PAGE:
On Tuesday, Khalifa rejected an attempt by Hussein to bar testimony by American forensics expert Clyde Snow after Hussein demanded a neutral witness from a country that was not involved in the 2003 Iraq invasion. Hussein was sentenced to death earlier this month for crimes against humanity  committed in the Iraqi town of Dujail. An appeals panel is expected to rule on the verdict and sentence by mid-January 2007. Prosecutors hope to complete the Anfal trial before Hussein's execution. The Anfal trial has now been adjourned until Monday.



Las Vegas Court Blocks Tax Preparer’s Alleged Scheme
Court Feed News | 2006/11/30 20:34

WASHINGTON – Lynn Lakers, a Boulder City, Nev., tax-return preparer, has been permanently barred in connection with an alleged offshore-trust tax scam, the Justice Department announced today. It is alleged that Lakers, participating with three others, prepared false tax returns for phony trusts sold by her fellow defendants. She consented to the injunction order. According to the complaint, the Internal Revenue Service (IRS) estimates that this tax fraud scheme resulted in at least $31 million in lost revenue to the federal Treasury.

The other two defendants who consented to a permanent injunction earlier this year are Daniel Young of Las Vegas, who allegedly created phony domestic and foreign trusts to move customers’ assets from the United States to offshore banks located in the West Indies, and Stephen Nestor of Boise, Idaho, a former IRS revenue officer who allegedly signed false tax returns on behalf of customers’ bogus trusts. The case remains pending against a fourth defendant, Reinhold Sommerstedt.

Judge Brian E. Sandoval of the U.S. District Court for the District of Nevada entered injunctions against Nestor and Young in May 2006 and against Lakers on Nov. 20th. The injunctions prevent the three individuals from promoting the alleged tax-fraud scheme or preparing tax returns based on it. They must also give the government a list of their customers’ names, addresses, e-mail addresses, telephone numbers, and Social Security numbers. Nestor and Young have already complied with this portion of the injunction order.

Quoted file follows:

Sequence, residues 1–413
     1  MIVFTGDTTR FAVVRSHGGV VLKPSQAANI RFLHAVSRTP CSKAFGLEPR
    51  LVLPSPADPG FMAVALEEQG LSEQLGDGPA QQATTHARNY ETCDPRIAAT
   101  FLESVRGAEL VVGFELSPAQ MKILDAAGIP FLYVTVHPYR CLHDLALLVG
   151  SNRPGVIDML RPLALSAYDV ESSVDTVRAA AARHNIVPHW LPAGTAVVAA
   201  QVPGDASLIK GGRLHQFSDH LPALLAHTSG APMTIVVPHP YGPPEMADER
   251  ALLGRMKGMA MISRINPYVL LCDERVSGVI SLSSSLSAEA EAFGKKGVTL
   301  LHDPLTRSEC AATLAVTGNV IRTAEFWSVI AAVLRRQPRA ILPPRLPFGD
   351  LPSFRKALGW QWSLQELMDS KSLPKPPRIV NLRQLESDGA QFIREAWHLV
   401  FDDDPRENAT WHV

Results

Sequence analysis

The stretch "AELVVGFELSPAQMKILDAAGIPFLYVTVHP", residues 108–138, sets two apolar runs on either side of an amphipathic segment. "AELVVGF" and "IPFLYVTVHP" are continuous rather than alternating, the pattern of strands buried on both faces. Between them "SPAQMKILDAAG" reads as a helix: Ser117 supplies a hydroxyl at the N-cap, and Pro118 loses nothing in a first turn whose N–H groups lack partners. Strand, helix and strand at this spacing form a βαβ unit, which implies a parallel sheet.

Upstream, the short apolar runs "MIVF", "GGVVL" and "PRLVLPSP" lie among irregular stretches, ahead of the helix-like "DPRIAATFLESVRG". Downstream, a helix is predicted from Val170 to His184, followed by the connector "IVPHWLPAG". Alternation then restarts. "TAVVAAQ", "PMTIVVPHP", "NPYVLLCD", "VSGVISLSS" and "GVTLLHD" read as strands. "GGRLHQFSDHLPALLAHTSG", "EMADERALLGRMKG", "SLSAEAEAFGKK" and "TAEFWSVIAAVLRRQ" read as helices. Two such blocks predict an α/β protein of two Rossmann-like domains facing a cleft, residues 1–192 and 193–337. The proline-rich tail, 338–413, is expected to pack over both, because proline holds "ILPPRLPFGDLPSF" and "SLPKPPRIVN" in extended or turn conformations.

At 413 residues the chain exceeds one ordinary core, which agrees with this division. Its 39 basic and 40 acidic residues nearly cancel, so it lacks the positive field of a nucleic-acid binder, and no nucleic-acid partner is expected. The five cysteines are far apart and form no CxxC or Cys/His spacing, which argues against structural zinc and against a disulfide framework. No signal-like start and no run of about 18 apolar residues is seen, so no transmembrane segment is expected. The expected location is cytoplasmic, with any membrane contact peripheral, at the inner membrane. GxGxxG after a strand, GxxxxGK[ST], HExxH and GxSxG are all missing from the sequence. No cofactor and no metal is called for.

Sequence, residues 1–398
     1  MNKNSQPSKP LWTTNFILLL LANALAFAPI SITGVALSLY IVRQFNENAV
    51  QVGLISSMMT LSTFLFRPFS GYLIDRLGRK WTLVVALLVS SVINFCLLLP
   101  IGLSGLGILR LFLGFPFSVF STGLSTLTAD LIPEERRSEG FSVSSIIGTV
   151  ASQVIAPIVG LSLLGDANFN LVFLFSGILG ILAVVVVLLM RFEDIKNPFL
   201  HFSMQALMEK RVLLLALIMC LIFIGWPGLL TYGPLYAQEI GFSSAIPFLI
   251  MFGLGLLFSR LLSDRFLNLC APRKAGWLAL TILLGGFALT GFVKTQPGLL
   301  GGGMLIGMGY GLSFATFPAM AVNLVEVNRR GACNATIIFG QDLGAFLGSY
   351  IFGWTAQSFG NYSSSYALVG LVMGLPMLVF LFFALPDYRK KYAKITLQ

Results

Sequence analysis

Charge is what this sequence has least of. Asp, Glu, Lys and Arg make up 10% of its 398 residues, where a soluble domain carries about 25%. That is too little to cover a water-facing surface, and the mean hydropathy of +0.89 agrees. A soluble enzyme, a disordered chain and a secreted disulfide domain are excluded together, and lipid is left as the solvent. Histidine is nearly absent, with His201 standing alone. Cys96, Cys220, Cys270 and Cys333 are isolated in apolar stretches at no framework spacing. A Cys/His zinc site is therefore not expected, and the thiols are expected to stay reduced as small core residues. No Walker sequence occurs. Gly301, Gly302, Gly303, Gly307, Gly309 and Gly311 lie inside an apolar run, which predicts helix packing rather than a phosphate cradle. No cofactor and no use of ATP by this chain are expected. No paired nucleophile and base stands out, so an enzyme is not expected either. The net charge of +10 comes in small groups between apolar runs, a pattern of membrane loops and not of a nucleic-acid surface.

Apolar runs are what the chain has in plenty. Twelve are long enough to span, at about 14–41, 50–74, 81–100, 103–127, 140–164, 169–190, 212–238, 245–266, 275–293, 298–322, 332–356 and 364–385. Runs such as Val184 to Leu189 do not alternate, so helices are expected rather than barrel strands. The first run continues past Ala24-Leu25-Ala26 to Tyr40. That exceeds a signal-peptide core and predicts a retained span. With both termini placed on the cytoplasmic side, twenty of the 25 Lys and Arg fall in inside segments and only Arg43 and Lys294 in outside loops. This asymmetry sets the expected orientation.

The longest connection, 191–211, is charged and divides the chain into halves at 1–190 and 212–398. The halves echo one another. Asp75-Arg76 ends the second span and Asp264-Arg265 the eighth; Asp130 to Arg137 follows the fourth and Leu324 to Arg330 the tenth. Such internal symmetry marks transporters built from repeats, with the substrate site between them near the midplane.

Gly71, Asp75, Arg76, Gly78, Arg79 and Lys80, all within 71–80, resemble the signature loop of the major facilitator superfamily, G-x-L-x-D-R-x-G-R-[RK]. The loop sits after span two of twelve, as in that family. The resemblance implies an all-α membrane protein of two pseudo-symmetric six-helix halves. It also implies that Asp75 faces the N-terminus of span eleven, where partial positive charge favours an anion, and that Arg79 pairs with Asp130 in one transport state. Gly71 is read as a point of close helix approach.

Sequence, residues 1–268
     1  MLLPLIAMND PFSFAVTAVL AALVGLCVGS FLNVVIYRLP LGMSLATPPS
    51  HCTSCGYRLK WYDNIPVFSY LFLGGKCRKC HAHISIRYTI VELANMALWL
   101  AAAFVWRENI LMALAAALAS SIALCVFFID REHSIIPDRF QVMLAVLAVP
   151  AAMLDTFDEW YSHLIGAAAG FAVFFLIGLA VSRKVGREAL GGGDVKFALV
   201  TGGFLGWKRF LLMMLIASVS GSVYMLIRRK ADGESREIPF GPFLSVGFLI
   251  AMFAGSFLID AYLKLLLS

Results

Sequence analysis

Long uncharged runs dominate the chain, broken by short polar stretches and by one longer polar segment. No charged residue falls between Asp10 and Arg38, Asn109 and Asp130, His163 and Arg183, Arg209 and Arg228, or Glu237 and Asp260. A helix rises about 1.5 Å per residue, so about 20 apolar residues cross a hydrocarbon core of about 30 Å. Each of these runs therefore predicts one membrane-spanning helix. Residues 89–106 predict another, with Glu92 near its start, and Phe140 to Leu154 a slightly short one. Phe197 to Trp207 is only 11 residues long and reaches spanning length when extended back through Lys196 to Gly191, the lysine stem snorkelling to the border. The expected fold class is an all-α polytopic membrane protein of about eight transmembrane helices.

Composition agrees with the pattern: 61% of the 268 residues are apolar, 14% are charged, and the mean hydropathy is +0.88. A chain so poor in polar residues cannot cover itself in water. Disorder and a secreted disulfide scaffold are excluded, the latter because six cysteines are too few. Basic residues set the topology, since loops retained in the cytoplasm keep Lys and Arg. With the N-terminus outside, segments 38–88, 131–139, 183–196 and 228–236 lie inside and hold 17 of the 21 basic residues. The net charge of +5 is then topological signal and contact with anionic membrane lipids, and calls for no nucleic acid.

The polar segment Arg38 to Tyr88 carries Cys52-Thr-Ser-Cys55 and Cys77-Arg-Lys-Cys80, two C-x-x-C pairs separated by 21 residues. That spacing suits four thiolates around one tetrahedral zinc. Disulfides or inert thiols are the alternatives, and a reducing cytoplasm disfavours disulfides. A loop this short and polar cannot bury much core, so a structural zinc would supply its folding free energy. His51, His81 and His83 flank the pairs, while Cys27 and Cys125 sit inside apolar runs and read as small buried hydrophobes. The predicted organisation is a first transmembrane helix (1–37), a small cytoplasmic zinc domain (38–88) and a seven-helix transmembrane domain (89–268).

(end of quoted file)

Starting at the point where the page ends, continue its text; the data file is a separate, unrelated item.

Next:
According to the government’s complaint, the scheme allegedly helped customers hide their income from the IRS in Caribbean bank accounts. The defendants’ customers allegedly used phony loans and gifts to repatriate their money while concealing it from the IRS. Customers allegedly paid as much as $14,500 to participate in the scheme.



Judge rules US currency discriminates against blind
Court Feed News | 2006/11/29 22:45

In a Tuesday ruling, Judge James Robertson of the US District Court for the District of Columbia declared that "the Treasury Department’s failure to design and issue paper currency that is readily distinguishable to blind and visually impaired individuals violates section 504 of the Rehabilitation Act." Section 504 provides that no disabled person shall be "subjected to discrimination . . . under any program or activity conducted by any Executive agency." In support of its decision, the court noted that over half of all countries that print their currency vary its size or texture to aid the blind. The court rejected the government's arguments that the change would be cost prohibitive, increase counterfeiting, and disrupt international recognition of US currency.

Robertson wrote:

Plaintiffs have demonstrated that they lack meaningful access to US currency. They have put forth several potential accommodations that are reasonable on their face. The government has not sustained its burden of showing that any of them would be unduly burdensome to implement... I will grant plaintiffs’ prayer for a declaratory judgment.

The American Council of the Blind filed the action four years ago. Under 28 USC s.1292(b), the government has ten days to appeal the ruling.